I have a Facebook account which I look at, but don't fool with much. Nobody cares about what I had for lunch (chicken soup and a salad), what TV shows I hulu (30 Rock & Colbert Report) or what CD I plan to buy (Steve Earle's Townes ).

But every time I do check in I see this ad in the corner with the headline, "Who's been searching for you?" and a picture of a beautiful, often busty young girl staring out at me with the promise that maybe it's her, maybe that's the girl who's been Googling me, desperate for a romantic relationship with a short, 59-year-old, married man with a paunch.

Sure. And yes, those are monkeys flying out of my butt, why do you ask?

Most of these girls don't look old enough to buy alcohol, and if they can't make a mercy run down to the ABC store for me, what good are they?

And I seriously doubt they would appreciate my love of blues from the 50's, friends in their 50's, and my 50 Reasons to Go to Bed Early.

So, while the thought that a sweet young thing has a secret crush on me makes my old heart go pitty-pat (or is that arrhythmia?), I suspect that if anyone's looking for me, it's either the law, a guy with a grudge, or some dude from Nigeria who wants to give me money.

Either way, I'm not answering that call.

Wednesday, June 24, 2009

Join the fun! Help Dick! Help your country!

First Draft's Athenae, the writer of some of the best political rants in the blogosphere (she's so beautiful when she's angry) has invited every one of us to help out former VP, Dick "Dick" Cheney.

He's writing his memoirs and he needs a title.

Don't let Dick down.

Tuesday, June 23, 2009

What makes a marriage work?

Hell, I don't know. I've been married for almost three decades and it's still a wonder that two people can go through all the shit life shovels at you and remain happy partners.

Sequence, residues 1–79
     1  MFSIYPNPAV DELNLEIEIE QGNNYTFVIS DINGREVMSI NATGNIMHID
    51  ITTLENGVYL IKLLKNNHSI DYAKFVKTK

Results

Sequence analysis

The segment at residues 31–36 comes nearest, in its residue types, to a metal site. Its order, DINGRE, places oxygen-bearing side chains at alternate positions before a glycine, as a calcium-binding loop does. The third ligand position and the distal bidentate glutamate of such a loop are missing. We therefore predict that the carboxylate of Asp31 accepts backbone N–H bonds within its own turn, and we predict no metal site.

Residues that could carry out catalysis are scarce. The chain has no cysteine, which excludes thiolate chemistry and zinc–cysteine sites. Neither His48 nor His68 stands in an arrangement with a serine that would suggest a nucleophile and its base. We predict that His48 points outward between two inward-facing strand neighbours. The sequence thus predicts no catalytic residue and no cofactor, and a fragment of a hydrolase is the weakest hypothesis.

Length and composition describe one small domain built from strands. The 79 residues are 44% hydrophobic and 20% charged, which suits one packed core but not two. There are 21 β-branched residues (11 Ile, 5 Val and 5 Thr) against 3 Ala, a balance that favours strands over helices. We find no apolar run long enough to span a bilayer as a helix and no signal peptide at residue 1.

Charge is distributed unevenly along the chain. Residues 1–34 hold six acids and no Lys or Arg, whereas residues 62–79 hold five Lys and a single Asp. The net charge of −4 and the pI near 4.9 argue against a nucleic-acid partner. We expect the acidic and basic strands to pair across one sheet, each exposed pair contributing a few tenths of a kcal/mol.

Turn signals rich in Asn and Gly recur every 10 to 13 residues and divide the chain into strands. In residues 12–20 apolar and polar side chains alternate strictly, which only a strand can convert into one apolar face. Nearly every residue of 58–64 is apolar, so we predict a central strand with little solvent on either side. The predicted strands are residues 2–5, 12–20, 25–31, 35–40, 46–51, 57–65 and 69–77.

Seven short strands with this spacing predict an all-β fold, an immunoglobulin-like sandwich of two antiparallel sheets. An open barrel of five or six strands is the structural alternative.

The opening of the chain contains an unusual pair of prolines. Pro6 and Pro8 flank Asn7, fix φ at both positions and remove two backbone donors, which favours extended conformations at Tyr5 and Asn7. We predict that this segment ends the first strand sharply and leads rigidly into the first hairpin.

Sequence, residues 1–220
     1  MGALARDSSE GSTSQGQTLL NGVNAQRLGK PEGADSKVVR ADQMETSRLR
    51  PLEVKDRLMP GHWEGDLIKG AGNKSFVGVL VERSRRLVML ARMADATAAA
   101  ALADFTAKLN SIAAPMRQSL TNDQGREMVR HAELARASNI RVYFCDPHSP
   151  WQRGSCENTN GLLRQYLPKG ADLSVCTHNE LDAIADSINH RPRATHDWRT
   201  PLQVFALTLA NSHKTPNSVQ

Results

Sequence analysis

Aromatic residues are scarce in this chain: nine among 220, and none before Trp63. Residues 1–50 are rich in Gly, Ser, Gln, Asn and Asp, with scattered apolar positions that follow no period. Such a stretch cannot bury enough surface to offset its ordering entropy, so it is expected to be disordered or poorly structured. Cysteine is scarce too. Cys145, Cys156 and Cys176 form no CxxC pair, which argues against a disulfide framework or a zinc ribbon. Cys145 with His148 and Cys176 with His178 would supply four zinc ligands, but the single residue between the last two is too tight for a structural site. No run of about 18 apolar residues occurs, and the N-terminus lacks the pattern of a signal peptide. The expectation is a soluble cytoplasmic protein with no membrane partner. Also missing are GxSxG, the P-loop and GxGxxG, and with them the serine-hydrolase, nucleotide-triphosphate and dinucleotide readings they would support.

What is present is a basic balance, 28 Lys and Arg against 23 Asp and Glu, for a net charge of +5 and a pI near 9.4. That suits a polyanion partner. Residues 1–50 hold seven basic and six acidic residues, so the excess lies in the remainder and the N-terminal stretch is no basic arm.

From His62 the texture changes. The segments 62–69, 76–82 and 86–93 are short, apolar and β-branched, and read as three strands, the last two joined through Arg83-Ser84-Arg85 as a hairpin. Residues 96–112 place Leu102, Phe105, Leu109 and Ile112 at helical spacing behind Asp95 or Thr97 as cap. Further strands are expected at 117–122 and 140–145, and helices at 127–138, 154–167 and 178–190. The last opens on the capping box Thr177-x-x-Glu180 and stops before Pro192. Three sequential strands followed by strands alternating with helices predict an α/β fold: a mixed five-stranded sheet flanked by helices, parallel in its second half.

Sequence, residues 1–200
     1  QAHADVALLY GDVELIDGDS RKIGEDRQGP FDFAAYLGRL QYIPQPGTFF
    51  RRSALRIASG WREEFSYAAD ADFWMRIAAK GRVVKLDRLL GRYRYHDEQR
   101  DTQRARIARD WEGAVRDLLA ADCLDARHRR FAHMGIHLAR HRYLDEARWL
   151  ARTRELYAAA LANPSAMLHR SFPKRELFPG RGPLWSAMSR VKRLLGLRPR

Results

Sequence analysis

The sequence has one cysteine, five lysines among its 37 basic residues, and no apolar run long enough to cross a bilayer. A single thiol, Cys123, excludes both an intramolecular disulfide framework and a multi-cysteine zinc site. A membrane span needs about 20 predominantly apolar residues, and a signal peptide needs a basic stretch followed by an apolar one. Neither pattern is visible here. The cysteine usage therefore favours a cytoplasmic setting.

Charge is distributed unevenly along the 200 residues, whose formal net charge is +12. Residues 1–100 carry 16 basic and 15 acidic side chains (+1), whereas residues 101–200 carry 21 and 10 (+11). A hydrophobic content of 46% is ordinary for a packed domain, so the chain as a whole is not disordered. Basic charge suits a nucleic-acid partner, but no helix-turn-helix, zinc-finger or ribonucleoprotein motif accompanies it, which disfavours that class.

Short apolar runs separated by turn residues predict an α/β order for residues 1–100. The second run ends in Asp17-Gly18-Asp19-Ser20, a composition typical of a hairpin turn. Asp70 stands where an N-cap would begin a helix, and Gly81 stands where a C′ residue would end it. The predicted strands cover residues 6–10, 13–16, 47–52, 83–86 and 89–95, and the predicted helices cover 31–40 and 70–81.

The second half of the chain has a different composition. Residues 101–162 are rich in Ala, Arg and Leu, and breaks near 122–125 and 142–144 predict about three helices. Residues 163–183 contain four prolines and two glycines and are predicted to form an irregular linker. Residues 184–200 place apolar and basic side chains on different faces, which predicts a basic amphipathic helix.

Marriage is a mystery.

And yet, conservatives like Newt Gingrich and John Ensign insist they know what makes a good marriage and that marriage is a sacred union between a man and a woman. But if Newt Gingrich and John Ensign haven't destroyed that narrow concept of marriage, I don't think two guys tying the knot in Carrboro is going to shake the foundations of matrimony any harder than Newt's serial marriages or John Ensign's infidelity.

In case you have a life and haven't been following the latest sex scandal, John Ensign (R-Weaseltown) is a conservative senator who is a member of the Promise Keepers. Promise Keepers is an organization that fills stadiums (stadia?) with right wing men who loudly and publicly declare their love for their wives, over and over and over.

There's a lot of Jesus talk in there, too, although even Jesus, who could walk on water and raise the dead couldn't make John Ensign keep his pud private. Because Senator Ensign, while making public stands of moral rectitude was privately boinking a married woman. A woman who worked for him. A woman married to his own legislative aide.

Just for the record, this is the same John Ensign who was in high dudgeon over Bill Clinton's White House hummer.

OK, now that we're caught up, let's get back to what makes a marriage work.